Column: Finally, a gay couple in a Hallmark Christmas movie. And the bigots never seemed less relevant.

Two men kissed during a Hallmark Christmas movie this week, and the Earth continued to spin on its axis.

What a difference a year makes.

“The Christmas House,” which premiered Sunday night, is a sweet story of two grown sons returning home to help their parents transform their house into an epic winter wonderland, just as they used to do when the boys were little.

One of the sons, Brandon, is gay. His husband, Jake, joins him for the trip home, naturally. They’re in the middle of an uncertain adoption process, which leaves their nerves a little shot. At one point, after discussing the emotional ups and downs, they embrace and kiss.

It’s no big deal, and handled as such. Brandon and Jake’s relationship raises exactly zero eyebrows onscreen. Their sexuality is not its own storyline or, thankfully, punchline.

It is a big deal, though, that this all takes place on the Hallmark Channel.

Last winter, you may recall, the Hallmark Channel aired a commercial (a commercial, mind you) for Zola, a wedding planning and registry site, that showed two women getting married. One Million Moms, a division of the American Family Association, went apoplectic, calling on Hallmark to drop the ad and asking supporters to sign a petition promising to boycott the channel and all Hallmark products until Hallmark promised to return to its family-friendly roots and steer clear of commercials or movies featuring LGBTQ characters.

I wrote a column suggesting to readers that if they, like me, think movies and commercials are family-friendly when they include all sorts of families and reflect the beautiful array of families that populate our communities and acknowledge that love isn’t reserved for straight people, they should consider letting Hallmark know.

It’s tempting to only direct our voices toward the things that outrage us, but I think it’s equally important to use them to amplify and reinforce the things we believe in. Outrage shouldn’t be the loudest emotion when our culture tiptoes toward progress and inclusion.

A few hours after my column published, a Zola executive emailed me to say the Hallmark Channel had pulled the commercial.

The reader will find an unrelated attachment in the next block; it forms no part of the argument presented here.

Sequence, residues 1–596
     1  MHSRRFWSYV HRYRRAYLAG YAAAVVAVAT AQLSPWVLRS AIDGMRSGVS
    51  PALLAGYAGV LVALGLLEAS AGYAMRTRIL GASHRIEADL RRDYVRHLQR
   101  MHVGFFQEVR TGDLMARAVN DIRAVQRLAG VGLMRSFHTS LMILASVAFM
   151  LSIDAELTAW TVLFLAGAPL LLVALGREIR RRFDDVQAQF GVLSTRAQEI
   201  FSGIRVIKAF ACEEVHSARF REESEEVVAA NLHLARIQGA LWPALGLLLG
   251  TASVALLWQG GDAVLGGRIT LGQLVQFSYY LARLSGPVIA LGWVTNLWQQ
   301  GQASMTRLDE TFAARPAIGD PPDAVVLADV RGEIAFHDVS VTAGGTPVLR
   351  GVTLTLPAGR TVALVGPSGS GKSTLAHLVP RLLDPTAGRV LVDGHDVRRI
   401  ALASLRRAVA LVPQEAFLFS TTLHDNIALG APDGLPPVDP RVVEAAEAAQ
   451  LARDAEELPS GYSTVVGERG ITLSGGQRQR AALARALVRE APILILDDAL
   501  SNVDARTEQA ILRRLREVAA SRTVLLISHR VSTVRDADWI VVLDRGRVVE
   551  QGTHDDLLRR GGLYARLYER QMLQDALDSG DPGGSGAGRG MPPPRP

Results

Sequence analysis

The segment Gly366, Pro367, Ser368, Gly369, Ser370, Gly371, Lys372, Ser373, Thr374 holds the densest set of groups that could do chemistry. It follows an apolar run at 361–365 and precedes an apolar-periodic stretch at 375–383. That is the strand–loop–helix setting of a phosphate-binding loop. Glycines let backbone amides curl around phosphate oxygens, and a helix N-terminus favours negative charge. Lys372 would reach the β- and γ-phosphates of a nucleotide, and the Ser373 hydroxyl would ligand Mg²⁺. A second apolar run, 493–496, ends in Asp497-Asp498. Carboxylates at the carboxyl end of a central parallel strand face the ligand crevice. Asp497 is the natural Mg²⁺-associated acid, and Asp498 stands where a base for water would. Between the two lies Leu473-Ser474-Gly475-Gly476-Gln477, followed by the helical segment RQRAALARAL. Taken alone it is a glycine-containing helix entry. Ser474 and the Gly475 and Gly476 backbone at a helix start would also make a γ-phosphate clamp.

An array of voices, from Ellen DeGeneres to William Shatner to Chicago Mayor Lori Lightfoot, publicly chastised Hallmark for caving to the homophobes. Two days later, Hallmark apologized for dropping the Zola commercial and pledged to work with GLAAD to better represent the LGBTQ community in its programming.

And here we are, one year later, with “The Christmas House” to warm our hearts.

“The Christmas House” isn’t even the first post-Zola flap Hallmark programming to feature a same-sex couple. A Hallmark Channel movie called “Wedding Every Weekend,” which first aired in August, included two women joining in holy matrimony.

“We truly are creating a brand and a channel where everybody can feel welcome and see themselves,” Annie Howell, chief communications officer for Crown Media Family Networks, told me Monday. “That’s a commitment we’re making well into the future.”

One Million Moms isn’t happy about that commitment, of course. The group is circulating a new petition asking supporters to boycott Hallmark Channel and Hallmark products “as long as Hallmark pushes the LGBTQ agenda.”

(An odd flex, if you ask me, since marriage and adoption make for a pretty family-friendly agenda.)

Anyway, Hallmark appears largely unfazed by the bigots this time around.

“It’s been really amazing to see the notes thanking us for having a Hallmark movie during the countdown to Christmas that included their experience and their family,” Howell told me. “That’s what we’ve said all along: Our holiday table is bigger and more welcoming than ever before.”

As it should be.

In a year when so much is going wrong and so much separates us — emotionally, politically, physically — it’s nice to witness a win for love and inclusion. And if you happen to agree, it wouldn’t hurt to let Hallmark know.

Join the Heidi Stevens Balancing Act Facebook group, where she continues the conversation around her columns and hosts occasional live chats.

Twitter @heidistevens13


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